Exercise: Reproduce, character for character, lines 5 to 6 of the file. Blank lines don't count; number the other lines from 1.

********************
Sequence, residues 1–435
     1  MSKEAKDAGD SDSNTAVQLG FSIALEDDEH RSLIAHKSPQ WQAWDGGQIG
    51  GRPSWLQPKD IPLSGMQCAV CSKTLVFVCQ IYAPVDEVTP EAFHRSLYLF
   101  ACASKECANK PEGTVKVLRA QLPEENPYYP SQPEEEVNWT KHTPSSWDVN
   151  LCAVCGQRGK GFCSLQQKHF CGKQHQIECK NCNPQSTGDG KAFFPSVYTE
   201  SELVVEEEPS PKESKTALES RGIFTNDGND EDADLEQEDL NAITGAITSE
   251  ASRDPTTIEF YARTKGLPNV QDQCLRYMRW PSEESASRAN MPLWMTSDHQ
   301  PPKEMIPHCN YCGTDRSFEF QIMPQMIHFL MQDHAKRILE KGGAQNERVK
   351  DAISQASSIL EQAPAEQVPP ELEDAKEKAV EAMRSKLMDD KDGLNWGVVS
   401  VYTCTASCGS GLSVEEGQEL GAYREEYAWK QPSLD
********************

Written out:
   151  LCAVCGQRGK GFCSLQQKHF CGKQHQIECK NCNPQSTGDG KAFFPSVYTE
   201  SELVVEEEPS PKESKTALES RGIFTNDGND EDADLEQEDL NAITGAITSE